Royals Sports Television Network

The Royals Sports Television Network (RSTN) was a regional sports network serving the Kansas City area, Kansas, western Missouri, Nebraska, Oklahoma, and Iowa owned by the Kansas City Royals. The network began operations before the 2003 Major League Baseball season in response to Fox Sports Midwest's decision to reduce the number of Royals games it broadcast. RSTN had trouble getting widespread carriage by cable systems in the area and had no satellite carriage. However, the Royals began the season with good form and RSTN was able to make a deal with Fox Sports Midwest in June to redistribute most of their broadcasts.[1] RSTN ceased operations after the 2007 season, with the Royals moving to the new channel Fox Sports Kansas City in 2008.[2][3]

The Royals Insider weekly magazine show won a Regional Emmy Award in 2005 for Best Sports Program.[4]

References

  1. ^ "RSTN reaches agreement with Fox Sports" (Press release). Kansas City Royals. June 4, 2003. Retrieved December 20, 2015.
  2. ^ "Royals and Fox Sports Kansas City announce television schedule" (Press release). Kansas City Royals. February 6, 2008. Retrieved December 20, 2015.
  3. ^ Kerkhoff, Blair (October 5, 2015). "Royals set TV rating record on Fox Sports KC". The Kansas City Star. Retrieved December 20, 2015.
  4. ^ "'Royals Insider' wins regional Emmy Award" (Press release). Kansas City Royals. November 4, 2005. Retrieved December 20, 2015.
2003 Kansas City Royals season

The 2003 Kansas City Royals season was a season in American baseball. It involved the Royals finishing third in the American League Central, with a record of 83 wins and 79 losses. It was the only winning season for the franchise between 1994 and 2013.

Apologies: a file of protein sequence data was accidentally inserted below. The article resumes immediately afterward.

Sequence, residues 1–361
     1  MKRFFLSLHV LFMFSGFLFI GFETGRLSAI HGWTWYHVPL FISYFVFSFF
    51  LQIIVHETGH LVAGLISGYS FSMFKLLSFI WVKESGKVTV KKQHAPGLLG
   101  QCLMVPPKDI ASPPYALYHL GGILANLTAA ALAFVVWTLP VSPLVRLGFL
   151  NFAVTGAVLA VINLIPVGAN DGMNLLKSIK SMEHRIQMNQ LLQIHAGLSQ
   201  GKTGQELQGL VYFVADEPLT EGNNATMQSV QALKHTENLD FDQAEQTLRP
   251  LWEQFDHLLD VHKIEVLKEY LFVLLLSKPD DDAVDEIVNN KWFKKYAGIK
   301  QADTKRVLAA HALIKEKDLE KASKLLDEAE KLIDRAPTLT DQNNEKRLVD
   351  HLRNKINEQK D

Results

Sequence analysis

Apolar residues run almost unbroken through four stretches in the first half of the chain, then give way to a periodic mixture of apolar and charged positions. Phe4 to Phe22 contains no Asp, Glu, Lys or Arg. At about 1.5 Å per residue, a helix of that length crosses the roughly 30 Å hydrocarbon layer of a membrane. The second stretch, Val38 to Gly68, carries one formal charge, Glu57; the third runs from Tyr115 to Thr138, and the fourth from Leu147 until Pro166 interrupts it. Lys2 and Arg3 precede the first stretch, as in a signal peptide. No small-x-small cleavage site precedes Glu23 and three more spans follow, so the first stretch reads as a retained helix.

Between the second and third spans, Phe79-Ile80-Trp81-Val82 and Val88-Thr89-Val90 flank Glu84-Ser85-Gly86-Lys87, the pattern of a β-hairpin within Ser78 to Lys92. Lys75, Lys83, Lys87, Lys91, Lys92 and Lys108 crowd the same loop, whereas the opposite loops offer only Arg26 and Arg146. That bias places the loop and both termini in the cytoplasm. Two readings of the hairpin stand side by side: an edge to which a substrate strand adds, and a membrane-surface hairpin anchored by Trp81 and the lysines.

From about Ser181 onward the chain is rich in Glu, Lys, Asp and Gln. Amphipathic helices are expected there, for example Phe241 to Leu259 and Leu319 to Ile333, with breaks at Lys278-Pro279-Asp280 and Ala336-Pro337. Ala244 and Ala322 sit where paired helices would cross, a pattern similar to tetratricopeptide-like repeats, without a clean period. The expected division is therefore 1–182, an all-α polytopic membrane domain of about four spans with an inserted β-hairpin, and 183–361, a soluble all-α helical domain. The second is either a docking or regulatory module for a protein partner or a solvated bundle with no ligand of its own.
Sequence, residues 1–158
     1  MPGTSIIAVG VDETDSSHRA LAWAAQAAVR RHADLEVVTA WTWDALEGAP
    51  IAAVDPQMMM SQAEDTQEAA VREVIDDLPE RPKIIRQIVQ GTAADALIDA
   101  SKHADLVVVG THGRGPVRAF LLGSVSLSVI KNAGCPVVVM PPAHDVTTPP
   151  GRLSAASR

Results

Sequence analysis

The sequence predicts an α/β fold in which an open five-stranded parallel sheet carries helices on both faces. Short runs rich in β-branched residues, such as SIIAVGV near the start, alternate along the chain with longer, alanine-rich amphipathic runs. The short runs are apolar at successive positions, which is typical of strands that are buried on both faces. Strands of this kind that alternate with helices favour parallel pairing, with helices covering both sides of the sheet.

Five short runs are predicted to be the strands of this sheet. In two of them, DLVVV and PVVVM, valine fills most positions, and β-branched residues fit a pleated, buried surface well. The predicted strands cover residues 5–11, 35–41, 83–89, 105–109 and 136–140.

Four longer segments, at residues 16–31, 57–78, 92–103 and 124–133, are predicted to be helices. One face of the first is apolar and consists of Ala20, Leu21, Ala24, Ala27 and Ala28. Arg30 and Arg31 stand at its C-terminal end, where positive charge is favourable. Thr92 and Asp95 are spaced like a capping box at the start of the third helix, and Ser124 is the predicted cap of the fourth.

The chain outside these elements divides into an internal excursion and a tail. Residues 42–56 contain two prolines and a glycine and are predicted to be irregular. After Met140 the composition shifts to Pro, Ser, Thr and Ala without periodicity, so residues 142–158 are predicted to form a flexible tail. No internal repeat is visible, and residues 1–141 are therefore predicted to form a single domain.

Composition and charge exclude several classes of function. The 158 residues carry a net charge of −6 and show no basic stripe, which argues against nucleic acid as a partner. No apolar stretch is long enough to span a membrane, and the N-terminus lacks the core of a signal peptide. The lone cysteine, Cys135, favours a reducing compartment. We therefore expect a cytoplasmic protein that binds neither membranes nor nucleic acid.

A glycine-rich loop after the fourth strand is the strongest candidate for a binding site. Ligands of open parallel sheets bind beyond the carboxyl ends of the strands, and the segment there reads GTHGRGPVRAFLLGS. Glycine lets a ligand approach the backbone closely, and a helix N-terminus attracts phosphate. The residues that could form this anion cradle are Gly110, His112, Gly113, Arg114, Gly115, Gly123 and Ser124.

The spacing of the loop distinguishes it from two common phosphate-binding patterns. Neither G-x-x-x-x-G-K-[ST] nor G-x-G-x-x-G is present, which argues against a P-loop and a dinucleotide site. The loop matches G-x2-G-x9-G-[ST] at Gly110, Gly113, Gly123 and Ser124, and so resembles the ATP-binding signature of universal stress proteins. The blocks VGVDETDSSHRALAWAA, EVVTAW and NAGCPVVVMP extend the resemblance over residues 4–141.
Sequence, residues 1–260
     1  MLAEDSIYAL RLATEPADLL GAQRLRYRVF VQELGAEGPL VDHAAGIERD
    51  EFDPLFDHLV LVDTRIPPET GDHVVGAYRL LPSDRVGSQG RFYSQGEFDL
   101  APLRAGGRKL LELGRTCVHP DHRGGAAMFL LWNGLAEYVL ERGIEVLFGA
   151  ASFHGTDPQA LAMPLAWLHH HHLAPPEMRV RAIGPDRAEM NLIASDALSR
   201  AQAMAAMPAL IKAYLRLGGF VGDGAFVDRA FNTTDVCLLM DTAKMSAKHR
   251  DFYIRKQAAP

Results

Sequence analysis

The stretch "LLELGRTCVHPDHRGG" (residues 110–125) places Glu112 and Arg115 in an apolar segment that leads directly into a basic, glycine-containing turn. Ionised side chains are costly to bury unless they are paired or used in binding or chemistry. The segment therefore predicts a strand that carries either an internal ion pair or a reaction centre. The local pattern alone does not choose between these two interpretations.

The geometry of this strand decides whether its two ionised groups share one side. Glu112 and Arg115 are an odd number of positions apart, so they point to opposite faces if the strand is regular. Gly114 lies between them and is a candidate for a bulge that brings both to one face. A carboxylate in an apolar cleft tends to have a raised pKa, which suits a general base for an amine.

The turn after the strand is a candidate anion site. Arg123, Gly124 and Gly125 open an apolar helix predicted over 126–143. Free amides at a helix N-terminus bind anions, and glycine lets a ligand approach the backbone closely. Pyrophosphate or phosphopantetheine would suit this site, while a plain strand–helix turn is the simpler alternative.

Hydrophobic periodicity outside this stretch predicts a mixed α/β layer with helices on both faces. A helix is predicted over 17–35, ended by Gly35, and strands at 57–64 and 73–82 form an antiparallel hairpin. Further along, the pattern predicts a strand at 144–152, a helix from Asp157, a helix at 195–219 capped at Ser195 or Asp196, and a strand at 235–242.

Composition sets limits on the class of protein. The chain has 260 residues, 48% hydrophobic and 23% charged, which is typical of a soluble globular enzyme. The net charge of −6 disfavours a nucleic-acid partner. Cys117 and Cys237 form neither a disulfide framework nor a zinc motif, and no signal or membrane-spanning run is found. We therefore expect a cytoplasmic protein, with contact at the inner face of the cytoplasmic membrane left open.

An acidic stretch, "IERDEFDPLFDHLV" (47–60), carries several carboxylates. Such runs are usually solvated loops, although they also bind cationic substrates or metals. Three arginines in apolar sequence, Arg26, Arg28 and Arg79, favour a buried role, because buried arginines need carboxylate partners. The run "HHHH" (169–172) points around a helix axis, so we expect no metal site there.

2003 was a hopeful and promising winning season ("We Believe" was the slogan) for the Royals, and the team spent 93 days in first place in the AL Central. But the team faded down the stretch, falling out of first place for the last time on August 31, and missed the playoffs.

2004 Kansas City Royals season

The 2004 Kansas City Royals season was a season in American baseball. It involved the Royals finishing 5th in the American League Central with a record of 58 wins and 104 losses. It was one of the most disappointing seasons in Royals' history. The team had been picked by many sporting magazines to win the AL Central following their third-place finish in 2003. Injuries of veteran acquisitions did the Royals in. Catcher Benito Santiago and outfielder Juan González both played very few games for the boys in blue. Mike Sweeney was also injured during the campaign. As a result, the Royals set a new record for most losses in franchise history.

2005 Kansas City Royals season

The 2005 Kansas City Royals season began on April 4 and ended October 2. The Royals competed and finished 5th in the American League Central with a record of 56 wins and 106 losses, 43 games behind first place Chicago White Sox. With 106 losses, the Royals set a record for the most losses in a single season in franchise history, and their third 100-loss season in 4 years. The 2005 Kansas City Royals were plagued by abysmal pitching and an anemic offense, and to date have one of the worst Major League Baseball season records of all-time.

2006 Kansas City Royals season

The 2006 Kansas City Royals season was the 38th season for the franchise, and their 36th at Kauffman Stadium. The Royals finishing 5th in the American League Central with a record of 62 wins and 100 losses and missed the playoffs for the 21st consecutive season.

Fox Major League Baseball